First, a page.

Hello, and welcome to the first of what is likely to be many, many newsletters discussing and analyzing the litigation around the executive order of January 27, 2017, also known as the "Muslim ban," "immigration ban" or "visa ban." Because the first of these cases originated from people being detained at airports, I've chosen to collectively designate them as "the airport cases."
This litigation is weird and complicated and gives me a headache. I will frequently be just as bewildered by the tricky bits as you are, but I can at least break some of this stuff down in color-coded charts accompanied by angry swearing. I will also be aggegating good commentary from reliable sources, so I can point you in the right direction. So sit back and "enjoy" the flight. First stop: the civil procedure hell known as Washington v. Trump. Note: this newsletter is diagram-heavy, so don't forget to display images!
On Wednesday, the 9th Circuit Court of Appeals denied the government's request to stay the temporary restraining order on the 1/27 EO. In the simplest of terms: Trump is a loser and a hater. In slightly more procedurally accurate terms: the court denied a request for a stop to the stop to the stop of immigration. How many more levels of inception are there going to be? Reports from the White House vary.
First an aide said that the DOJ was not going to seek further appeal to the Supreme Court, and would rather "defend its merits," which I interpreted to mean that they were going to try to get to the merits of the case (executive power! immigration! establishment clause!) but I made the mistake of assuming that the White House knows what it's talking about, a mistake that I will not make again. Indeed, shortly after claiming that they weren't going to chase the case to the Supreme Court, the aide had to take-backsies. Bloomberg reported:
A White House aide first said late Friday that the administration would not ask the Supreme Court to overturn the 9th U.S. Circuit Court of Appeals ruling, which refused to reinstate Trump’s travel ban after it had been blocked by a lower court judge. Soon after, reporters at the White House overheard Trump’s press secretary, Sean Spicer, asking who had made that statement. Minutes later, the aide distributed a different statement on paper.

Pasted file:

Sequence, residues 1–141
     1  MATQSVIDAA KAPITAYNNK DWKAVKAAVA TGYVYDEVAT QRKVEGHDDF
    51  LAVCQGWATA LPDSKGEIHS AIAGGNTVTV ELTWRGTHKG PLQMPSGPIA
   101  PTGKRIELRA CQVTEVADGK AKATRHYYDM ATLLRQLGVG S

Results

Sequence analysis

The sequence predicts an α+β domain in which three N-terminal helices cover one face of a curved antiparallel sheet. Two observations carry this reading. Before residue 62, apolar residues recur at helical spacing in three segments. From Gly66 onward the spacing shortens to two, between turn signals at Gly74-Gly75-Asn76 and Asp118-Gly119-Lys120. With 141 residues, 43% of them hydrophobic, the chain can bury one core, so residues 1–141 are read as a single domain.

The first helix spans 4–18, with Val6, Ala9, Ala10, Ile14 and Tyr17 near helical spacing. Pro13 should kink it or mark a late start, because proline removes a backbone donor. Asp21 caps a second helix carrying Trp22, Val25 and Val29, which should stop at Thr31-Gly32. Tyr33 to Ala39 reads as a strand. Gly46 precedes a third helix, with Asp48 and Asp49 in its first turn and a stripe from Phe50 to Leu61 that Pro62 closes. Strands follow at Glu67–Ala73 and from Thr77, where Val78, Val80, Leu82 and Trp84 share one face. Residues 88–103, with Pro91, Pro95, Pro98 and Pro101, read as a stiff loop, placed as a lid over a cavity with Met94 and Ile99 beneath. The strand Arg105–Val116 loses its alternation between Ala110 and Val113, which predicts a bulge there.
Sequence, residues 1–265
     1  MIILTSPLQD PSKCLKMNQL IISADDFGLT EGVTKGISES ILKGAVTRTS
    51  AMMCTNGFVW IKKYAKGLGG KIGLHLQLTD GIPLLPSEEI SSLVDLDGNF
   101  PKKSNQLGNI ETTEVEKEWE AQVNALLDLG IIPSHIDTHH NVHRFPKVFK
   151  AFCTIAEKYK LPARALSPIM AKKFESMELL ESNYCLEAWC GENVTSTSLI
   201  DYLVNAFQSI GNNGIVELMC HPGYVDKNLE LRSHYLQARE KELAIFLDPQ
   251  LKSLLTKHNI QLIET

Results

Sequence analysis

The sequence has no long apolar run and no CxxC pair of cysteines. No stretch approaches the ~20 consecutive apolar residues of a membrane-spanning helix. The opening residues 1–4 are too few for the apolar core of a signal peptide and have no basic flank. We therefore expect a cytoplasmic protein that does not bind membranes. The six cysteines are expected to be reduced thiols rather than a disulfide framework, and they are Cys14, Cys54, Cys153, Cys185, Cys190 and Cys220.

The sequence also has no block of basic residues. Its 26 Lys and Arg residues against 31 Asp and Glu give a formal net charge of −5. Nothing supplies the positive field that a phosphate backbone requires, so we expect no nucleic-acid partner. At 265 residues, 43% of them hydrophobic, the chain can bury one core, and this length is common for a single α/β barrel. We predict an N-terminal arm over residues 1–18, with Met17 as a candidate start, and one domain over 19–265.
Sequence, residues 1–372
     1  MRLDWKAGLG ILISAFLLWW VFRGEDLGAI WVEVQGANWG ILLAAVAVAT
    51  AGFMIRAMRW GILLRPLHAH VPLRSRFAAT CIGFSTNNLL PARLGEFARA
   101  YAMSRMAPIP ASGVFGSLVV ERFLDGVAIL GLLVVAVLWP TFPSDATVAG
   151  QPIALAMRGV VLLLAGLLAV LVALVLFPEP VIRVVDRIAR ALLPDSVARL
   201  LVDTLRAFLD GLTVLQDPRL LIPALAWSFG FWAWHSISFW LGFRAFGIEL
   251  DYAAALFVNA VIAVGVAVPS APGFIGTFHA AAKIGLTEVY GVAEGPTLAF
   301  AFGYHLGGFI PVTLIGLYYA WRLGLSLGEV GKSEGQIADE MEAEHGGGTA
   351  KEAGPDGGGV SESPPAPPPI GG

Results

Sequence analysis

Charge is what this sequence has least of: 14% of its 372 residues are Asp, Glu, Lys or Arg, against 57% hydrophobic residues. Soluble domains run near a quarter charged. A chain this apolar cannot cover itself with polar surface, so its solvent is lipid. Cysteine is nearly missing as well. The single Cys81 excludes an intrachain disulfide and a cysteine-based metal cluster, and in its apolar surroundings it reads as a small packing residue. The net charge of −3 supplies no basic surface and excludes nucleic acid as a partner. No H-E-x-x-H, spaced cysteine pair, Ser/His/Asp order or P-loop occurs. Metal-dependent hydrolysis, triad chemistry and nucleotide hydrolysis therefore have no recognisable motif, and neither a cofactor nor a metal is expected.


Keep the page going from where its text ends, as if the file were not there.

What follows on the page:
"On background: to clarify, we could take the TRO to Supreme Court," the statement read, referring to the lower court’s temporary restraining order against Trump’s travel ban. "We are reviewing all our options in the court system and confident we will prevail on the merits of the case. Additionally, we are actively pursuing other executive orders that will keep our country safe from terrorism."
Meanwhile, in the 9th Circuit, an unidentified judge flipped his lid and made a sua sponte call for an en banc hearing. Here I will helpfully remind you that an iPhone version of Black's Law Dictionary is available in the App Store, but also that you are a being with free will who can close this email at any time and do something more enjoyable, like slamming your fingers in a door jamb.
So what's an en banc? What's a sua sponte? And now that the 9th Circuit has deemed the temporary restraining order to have the qualities of a preliminary injunction, does that magically turn it into a preliminary injunction, but also will it then turn back into a pumpkin at midnight if 9th decides to hear it en banc? You know, just really simple civil procedure questions up in here.
I'll have a few notes on the TRO/PI problem, the sua sponte call, and some recommended reading at the end, but how about we slow our roll for just a second and let the camera slowly zoom in on our frozen, dismayed faces as a voice-over says, "Yup. That's me. You might be wondering how it is that I ended up here."
1. The En Banc Call Is Coming From INSIDE THE HOUSE
Someone has made a sua sponte call for an en banc hearing. An en banc hearing would come before an appeal to SCOTUS, and sua sponte means that the request came from inside the circuit itself—some judge, who is, as is customary, not identified, wants this to be reheard. This has prompted a fair bit of speculation as to who it even is. Some think it's Judge Kozinski (a Reagan appointee, a refugee, and one-time contestant on the Dating Game), others are sure that it's Judge Bybee (a Bush appointee, also known as "the dude who signed the torture memos written by John Yoo").